Envisioning the AI Ecosystem of Tomorrow: Perspectives and Principles

What will the future of artificial intelligence (AI) entail? How can we get a complete overview of the evolving AI landscape? The research paper “Designing Ecosystems of Intelligence from First Principles” by Friston et al. (2024) outlines a visionary vision for the field of artificial intelligence (AI) in the next decade and beyond. This vision focuses on the development of a cyber-physical ecosystem comprising both natural and synthetic elements that collectively contribute to what is called “shared intelligence”. This concept emphasizes the integral role of humans in these ecosystems. The paper highlights a specific approach to AI known as “active inference,” which is seen as a physics-based approach to understanding and designing intelligent agents. This approach shares fundamental principles with quantum, classical, and statistical mechanics.

Active inference applies to AI design, suggesting that next-generation AI systems should be equipped with explicit beliefs about the world, including a specific perspective under a generative model. This contrasts with traditional AI approaches such as reinforcement learning, which focus primarily on choosing an action to maximize rewards. In active reasoning, exploration and curiosity are seen as equally central to intelligence, driving actions that are expected to reduce uncertainty.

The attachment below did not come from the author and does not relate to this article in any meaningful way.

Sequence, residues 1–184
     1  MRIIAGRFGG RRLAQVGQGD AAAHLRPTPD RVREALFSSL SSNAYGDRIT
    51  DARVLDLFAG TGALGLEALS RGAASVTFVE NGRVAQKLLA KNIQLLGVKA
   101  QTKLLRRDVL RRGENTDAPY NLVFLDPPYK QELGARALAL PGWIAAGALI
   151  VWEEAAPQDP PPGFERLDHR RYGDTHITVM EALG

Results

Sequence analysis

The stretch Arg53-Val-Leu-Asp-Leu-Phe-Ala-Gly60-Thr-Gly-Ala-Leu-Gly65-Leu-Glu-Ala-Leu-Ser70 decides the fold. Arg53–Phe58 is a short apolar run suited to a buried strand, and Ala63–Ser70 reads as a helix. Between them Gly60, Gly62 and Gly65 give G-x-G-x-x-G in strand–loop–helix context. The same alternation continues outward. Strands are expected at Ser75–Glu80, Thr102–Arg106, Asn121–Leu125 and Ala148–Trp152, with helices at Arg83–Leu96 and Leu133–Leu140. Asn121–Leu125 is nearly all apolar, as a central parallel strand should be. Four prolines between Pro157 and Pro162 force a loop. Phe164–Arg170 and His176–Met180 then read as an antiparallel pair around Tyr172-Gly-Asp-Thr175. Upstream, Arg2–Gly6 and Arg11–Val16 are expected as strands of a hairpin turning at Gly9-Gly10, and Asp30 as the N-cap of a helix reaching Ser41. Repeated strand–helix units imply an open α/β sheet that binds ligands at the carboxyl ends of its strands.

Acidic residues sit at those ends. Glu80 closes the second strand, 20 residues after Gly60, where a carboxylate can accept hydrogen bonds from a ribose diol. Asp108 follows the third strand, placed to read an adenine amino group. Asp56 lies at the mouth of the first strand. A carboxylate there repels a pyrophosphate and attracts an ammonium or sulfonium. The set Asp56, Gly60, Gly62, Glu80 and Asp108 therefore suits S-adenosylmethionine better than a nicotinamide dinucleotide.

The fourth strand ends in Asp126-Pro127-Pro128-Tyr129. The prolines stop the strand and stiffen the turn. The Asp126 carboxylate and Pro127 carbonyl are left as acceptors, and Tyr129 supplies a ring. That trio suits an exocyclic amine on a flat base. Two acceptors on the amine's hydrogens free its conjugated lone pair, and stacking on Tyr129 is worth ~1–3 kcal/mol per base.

The multi-scale active inference architecture is another crucial aspect. It recognizes different time scales in model training and selection, working in similar ways on nested time scales to maximize model evidence. In this context, intelligence is inherently perspectival, involving an active engagement with the world from a specific set of beliefs.

Communication in these intelligent systems is also a key topic. The paper argues that intelligence at any scale requires a shared generative model and common ground, which can be achieved through various methods such as ensemble learning, mixtures of experts, and Bayesian model averaging. An important aspect of active inference in this context is the selection of messages or viewpoints that provide the greatest expected information retrieval.

Finally, the paper addresses ethical considerations, emphasizing the importance of valuing and preserving individuality in the development of large-scale collective intelligence systems. This approach contrasts with models such as eusocial insects, where individuals are largely substitutable. The authors advocate a cyber-physical network of emergent intelligence that respects the individuality of all participants, human or otherwise.

In summary, the white paper by Friston et al. presents a visionary approach to AI development centered around active inference and the creation of intelligent ecosystems that include and respect the individuality of both human and non-human agents. This approach implies a significant paradigm shift in the way AI is conceptualized and developed, with implications for the future of technology and society.

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